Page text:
HSD outlines cybersecurity plans

The Homeland Security Department plans to establish a cybersecurity research and development center that would be a focus for federal and private R&D efforts, undersecretary Charles McQueary told the House Science Committee yesterday.

McQueary, who heads the department's Science and Technology Directorate, said the center was one of six IT security initiatives the directorate would undertake this year. Although the bulk of the directorate's mission will focus on physical security technology, he reassured the committee that IT security would be a significant part of the mission.

Science Committee chairman Rep. Sherwood Boehlert (R-N.Y.) called the hearing to look into shortfalls of federal funding for research on IT security. The Cyber Security Research and Development Act of 2002 authorized $903 million over five years for R&D. But fiscal 2003 appropriations and proposed 2004 funding 'are significantly below the authorized levels,' the chairman wrote in the hearing charter.

He also complained that it is difficult to find out how much federal money is being spent on R&D for IT security.

Also testifying at the hearing were officials from the Defense Advanced Research Projects Agency, National Science Foundation and National Institute of Standards and Technology.

NSF director Rita Colwell said her agency, a major funding source for private and academic research, doubled its cybersecurity spending between fiscal 2002 and 2003, to $30 million. Another $11 million is available for the Scholarships for Service program. She said the agency's cybersecurity portfolio would be consolidated next year.

'Beginning in fiscal 2004, the entire suite of cyberscurity activities will be managed under one integrated, cross-cutting program called Cyber Trust,' Colwell said.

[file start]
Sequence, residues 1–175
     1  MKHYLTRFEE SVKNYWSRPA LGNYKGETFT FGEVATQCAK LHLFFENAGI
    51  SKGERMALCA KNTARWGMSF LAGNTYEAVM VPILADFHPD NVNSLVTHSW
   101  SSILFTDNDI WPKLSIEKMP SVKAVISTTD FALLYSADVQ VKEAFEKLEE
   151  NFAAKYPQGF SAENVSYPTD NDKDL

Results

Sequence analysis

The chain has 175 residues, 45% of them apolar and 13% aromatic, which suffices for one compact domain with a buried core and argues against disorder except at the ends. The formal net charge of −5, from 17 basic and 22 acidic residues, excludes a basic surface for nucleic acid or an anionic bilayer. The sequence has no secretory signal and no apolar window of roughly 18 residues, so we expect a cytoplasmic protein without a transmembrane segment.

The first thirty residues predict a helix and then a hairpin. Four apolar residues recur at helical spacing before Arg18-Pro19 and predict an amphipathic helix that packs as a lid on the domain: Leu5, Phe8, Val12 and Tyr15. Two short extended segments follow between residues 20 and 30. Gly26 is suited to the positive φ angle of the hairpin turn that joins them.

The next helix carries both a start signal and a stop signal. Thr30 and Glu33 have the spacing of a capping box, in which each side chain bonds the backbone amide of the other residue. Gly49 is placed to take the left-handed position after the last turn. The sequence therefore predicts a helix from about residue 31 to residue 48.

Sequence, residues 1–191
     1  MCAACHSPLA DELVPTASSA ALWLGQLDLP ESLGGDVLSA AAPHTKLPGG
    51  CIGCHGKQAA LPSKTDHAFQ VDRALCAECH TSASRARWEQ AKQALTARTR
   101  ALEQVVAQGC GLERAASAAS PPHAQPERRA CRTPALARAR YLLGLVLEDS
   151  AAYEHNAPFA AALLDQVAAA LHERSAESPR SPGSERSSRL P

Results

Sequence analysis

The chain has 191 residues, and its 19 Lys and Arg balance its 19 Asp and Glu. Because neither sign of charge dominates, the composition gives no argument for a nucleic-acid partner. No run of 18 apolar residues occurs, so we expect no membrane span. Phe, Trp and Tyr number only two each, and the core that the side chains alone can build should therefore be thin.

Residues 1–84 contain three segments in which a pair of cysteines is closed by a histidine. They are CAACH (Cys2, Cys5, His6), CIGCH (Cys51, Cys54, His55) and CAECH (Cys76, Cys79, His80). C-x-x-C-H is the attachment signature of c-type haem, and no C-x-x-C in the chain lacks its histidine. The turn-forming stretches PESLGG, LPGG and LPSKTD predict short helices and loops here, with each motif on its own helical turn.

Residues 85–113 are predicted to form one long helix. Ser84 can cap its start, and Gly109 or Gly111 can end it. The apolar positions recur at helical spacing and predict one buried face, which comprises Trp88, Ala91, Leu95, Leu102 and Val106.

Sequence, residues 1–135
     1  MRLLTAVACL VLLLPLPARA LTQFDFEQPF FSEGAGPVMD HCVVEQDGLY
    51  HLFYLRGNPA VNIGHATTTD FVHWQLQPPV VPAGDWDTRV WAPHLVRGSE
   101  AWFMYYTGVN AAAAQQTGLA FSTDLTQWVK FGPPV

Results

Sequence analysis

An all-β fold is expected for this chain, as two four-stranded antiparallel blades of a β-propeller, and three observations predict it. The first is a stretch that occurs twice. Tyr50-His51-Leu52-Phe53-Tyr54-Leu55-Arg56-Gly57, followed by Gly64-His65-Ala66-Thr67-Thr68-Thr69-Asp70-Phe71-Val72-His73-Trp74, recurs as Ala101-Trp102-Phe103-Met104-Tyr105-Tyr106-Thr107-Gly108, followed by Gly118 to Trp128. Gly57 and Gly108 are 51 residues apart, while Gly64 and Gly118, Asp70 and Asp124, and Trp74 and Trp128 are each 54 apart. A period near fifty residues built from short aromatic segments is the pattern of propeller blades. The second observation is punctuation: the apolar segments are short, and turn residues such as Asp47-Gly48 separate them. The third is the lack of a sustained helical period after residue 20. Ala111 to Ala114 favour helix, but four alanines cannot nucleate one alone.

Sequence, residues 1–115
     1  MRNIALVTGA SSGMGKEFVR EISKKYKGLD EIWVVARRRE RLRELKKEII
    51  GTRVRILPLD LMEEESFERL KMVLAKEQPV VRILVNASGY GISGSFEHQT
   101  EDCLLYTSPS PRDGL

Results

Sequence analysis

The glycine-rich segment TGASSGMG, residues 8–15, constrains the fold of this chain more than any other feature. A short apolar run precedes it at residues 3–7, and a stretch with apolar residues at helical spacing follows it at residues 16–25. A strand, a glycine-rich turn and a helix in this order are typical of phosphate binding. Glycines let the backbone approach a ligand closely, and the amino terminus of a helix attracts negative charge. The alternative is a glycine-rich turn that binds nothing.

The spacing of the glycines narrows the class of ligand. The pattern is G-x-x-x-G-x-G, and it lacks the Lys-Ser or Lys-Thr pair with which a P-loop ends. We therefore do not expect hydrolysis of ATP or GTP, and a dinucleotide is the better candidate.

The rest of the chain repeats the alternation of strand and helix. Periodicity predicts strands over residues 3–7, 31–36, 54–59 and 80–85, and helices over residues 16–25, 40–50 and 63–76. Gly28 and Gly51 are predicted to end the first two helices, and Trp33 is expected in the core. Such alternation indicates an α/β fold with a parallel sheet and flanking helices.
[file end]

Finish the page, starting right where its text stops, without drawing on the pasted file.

Director Tony Tether addressed concerns that DARPA funding for information assurance has dropped drastically.

'Let me assure you that we have a robust program in information assurance, and we plan to continue this robust program in the coming years,' Tether said.

He cited one reason for the apparent decline in funding. 'A significant and growing element of DARPA's work in information assurance is classified and cannot be discussed in this forum,' he said.

Committee member Rep. Nick Smith (R-Mich.) questioned the growth of classified work. 'How do you balance the need to protect classified research with the need to utilize key research gains in the private sector,' he asked.

Other IT security initiatives HSD's Science and Technology Directorate expects to take part in this year include:

  • Supporting the Secret Service National Threat Assessment Center and the CERT Coordination Center at Carnegie Mellon University in an assessment of insider threats and defense

  • Feasibility study for trace-back and geo-location of attack sources

  • Developing patch verification technology to improve security patch management

  • Development of technologies for detecting covert threats to critical infrastructure

  • Feasibility studies for the scalability and technology application of Secure Border Gateway Protocol and Secure Domain Name Services.


  • About the Author

    William Jackson is a Maryland-based freelance writer.

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